‘Brexit will turn UK into a safehouse for Europe’s polluters’

Jolyon Maugham

Despite government promises to copy existing EU law, Brexit will likely mean a decline in environmental standards

22.09.2017

Jolyon Maugham

Environment Secretary Michael Gove and Foreign Secretary Boris Johnson prepare to address supporters after the result of the EU referendum in June 2016. Photo: Mary Turner/Getty Images

The government has promised that “the whole body of existing EU environmental law” will be preserved in the Repeal Bill. Then we’ll have taken back control – free to tailor environmental protection to the precise needs of the UK.

What’s not to like? Well, as it happens, quite a lot.

If you wanted to deflate the bombast of ‘taking back control’ then the law protecting our environment would be a good place to start.

Weather systems don’t show their passports at border control. If Ruritania, next door, has laxer controls on air pollution your children, too, get respiratory diseases. There are some problems that just can’t be tackled at a national level.

This insight lies right at the heart of the European project – and it’s called the principle of subsidiarity.

What it means is that we devolve legislation to the lowest level of government consistent with that legislation achieving its objectives. If member states can do it properly on their own, Brussels won’t get involved.

It’s a particularly important principle in a globalised world where corporations are larger – and sometimes more powerful – than governments. I see this in my own field – tax – where multinationals pick and choose, spreading their activities over a range of states, always choosing where the tax burden is the lightest.

The net result is that we lose. It is only when nation states club together that we acquire the ability to extract from capital a fair share of tax.

The health of our children and our elderly parents stands to suffer most

So in these spheres where only supranational action can work, spheres like tax and the environment, what does taking back control actually mean?

At best, it means a chimera of legal control, that your parliament acquires the ability to shake its fist, impotently, at problems beyond its sway. But at worst? At worst it’s far more damaging than that.

Theresa May has promised that this Repeal Bill will transmute all of the environmental protections sourced in EU law into their equivalents sourced in UK law. She has promised that the Repeal Bill will deliver no weakening in environmental protection. But afterwards?

The white paper goes on to talk of afterwards. Afterwards the government will have the opportunity to deliver “outcome driven” changes. But what are those outcomes? The white paper does not say.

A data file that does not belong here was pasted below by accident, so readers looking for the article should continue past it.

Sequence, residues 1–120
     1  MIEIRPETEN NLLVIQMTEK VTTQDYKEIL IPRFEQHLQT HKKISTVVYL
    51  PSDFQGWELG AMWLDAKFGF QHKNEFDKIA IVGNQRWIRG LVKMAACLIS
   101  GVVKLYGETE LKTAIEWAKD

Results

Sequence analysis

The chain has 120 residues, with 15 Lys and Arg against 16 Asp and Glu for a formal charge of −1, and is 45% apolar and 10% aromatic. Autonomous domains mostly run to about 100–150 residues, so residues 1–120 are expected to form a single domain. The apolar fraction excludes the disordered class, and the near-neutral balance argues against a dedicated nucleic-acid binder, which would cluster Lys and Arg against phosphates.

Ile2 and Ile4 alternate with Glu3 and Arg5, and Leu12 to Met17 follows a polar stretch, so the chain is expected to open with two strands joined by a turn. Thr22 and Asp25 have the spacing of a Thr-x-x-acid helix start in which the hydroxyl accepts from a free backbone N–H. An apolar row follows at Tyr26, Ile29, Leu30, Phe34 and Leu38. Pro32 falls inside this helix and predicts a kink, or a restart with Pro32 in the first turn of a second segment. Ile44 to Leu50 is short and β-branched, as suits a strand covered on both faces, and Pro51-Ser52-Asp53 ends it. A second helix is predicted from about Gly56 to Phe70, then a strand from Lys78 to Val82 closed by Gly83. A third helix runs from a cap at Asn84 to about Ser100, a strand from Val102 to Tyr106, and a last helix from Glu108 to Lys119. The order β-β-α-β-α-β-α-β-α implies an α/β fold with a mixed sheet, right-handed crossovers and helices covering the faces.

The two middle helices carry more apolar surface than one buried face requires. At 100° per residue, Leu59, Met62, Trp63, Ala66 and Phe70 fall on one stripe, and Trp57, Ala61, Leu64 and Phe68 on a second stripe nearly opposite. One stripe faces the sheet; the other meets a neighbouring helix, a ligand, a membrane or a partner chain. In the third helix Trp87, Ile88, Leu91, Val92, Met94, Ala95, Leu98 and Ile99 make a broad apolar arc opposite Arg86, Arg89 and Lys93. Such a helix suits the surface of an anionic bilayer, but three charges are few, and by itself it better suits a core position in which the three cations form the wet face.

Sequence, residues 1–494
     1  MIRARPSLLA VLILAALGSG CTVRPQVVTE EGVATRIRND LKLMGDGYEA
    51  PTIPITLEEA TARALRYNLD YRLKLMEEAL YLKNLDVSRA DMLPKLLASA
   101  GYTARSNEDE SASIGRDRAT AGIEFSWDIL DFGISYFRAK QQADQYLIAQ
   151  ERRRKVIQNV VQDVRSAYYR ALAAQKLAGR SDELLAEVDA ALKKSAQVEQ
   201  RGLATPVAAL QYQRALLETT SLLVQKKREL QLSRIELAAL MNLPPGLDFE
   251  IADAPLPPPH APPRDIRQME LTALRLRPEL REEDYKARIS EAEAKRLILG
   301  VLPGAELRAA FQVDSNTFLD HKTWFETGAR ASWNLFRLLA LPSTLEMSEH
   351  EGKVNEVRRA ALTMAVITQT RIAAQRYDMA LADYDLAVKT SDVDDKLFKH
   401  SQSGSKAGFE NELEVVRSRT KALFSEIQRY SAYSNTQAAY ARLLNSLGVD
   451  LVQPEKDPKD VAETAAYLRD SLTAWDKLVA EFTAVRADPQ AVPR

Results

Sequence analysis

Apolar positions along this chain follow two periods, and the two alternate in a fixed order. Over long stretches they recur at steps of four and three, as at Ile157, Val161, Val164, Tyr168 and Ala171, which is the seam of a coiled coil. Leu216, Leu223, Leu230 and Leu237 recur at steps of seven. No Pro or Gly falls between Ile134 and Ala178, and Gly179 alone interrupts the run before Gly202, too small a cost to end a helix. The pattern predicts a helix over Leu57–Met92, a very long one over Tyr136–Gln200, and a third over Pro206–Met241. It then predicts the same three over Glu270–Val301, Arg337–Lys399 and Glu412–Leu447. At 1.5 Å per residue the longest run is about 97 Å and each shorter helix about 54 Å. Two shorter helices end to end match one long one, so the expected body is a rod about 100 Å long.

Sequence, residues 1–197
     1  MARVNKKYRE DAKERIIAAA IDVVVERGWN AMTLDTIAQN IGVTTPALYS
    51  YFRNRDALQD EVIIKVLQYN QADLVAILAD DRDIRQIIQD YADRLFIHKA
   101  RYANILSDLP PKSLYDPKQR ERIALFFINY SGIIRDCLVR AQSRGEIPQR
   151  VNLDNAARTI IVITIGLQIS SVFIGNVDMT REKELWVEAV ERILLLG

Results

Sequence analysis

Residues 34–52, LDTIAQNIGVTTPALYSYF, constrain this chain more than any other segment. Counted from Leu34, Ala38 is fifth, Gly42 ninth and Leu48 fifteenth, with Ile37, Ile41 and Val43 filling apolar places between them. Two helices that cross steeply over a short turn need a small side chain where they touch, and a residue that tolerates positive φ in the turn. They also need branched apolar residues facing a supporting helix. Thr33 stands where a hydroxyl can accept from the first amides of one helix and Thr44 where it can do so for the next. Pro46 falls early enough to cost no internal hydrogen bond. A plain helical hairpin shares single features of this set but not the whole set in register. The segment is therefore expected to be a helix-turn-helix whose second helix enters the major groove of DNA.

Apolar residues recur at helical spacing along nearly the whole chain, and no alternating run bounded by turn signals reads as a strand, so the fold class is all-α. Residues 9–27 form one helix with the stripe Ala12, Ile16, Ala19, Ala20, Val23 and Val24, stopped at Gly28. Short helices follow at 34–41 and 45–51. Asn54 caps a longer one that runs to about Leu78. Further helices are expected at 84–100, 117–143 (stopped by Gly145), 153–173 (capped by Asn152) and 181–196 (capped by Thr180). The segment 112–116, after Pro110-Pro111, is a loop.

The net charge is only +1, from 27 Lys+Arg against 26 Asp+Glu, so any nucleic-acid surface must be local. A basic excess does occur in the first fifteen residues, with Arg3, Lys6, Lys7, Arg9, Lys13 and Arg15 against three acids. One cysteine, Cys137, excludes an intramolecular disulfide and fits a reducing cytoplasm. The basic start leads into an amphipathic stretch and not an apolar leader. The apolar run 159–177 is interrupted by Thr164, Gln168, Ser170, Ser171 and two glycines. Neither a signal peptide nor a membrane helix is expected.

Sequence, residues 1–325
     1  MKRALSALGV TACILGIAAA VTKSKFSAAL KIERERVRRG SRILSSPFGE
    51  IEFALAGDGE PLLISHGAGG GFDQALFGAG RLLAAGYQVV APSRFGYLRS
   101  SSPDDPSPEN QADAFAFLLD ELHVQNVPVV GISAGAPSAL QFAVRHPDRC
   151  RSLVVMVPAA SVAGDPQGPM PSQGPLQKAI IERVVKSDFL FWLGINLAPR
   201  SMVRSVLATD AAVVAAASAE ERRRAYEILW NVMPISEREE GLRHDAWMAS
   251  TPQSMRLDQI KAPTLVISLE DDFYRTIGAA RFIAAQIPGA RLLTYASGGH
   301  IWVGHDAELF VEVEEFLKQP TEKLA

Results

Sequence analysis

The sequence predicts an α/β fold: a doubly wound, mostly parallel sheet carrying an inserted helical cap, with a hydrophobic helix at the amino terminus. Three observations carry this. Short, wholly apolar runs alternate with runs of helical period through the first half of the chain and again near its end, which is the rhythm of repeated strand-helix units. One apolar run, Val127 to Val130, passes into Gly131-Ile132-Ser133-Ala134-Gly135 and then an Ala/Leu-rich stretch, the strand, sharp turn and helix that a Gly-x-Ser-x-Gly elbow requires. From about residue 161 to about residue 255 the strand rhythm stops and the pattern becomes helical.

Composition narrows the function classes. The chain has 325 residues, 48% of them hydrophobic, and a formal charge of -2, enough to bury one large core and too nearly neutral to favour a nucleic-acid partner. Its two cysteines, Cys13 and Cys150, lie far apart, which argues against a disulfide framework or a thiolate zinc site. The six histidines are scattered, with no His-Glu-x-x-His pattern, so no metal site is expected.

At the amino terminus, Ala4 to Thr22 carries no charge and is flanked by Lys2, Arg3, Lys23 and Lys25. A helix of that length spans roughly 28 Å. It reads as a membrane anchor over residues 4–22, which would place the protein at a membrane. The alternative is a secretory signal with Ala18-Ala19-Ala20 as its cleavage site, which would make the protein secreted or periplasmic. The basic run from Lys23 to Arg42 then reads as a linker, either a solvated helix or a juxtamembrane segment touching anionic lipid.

If the UK finds that Brexit has made it a less attractive place to do business, if it is worse for business to be outside than inside the largest economic marketplace in the world, what will we do? We are bound to promote ourselves on the basis of such ‘advantages’ as we have.

One of those advantages may well be our ability to offer businesses within that marketplace the chance to avoid the costs of particular environmental protections. Base yourself here, will be the pitch, and dodge that cost.

This threat of regulatory arbitrage, to lower regulation to “regain competitiveness”, let us remember, is a pitch that Philip Hammond has already explicitly delivered.

Just stop and think about what that means. It is not an offer to responsible business. Lower legal standards have no appeal to businesses that recognise the moral imperative to protect our planet.

It is a pitch only to the burn-it-down school of capitalism: only its adherents will move to where lower standards are tolerated.

This, it hardly needs saying, is bad for all of us. The EU’s ability to maintain environmental standards will be undermined. The profound existential threats posed by pollution and climate change will be heightened.

But it is especially bad for the UK.

The UK that will be turned into a safehouse for the polluters of Europe. It is our landscape that will bear the heaviest cost. It is the health of our children, our elderly parents, that stands to suffer the most.

By weakening or abandoning cooperation with our neighbours, by swapping the reality of actual control for the illusion of legal control, by creating incentives to weaken safeguards, Brexit poses a serious risk to the environment here and abroad.

Jolyon Maugham QC is a barrister at Devereux Chambers and the director of the Good Law Project. He tweets as @JolyonMaugham

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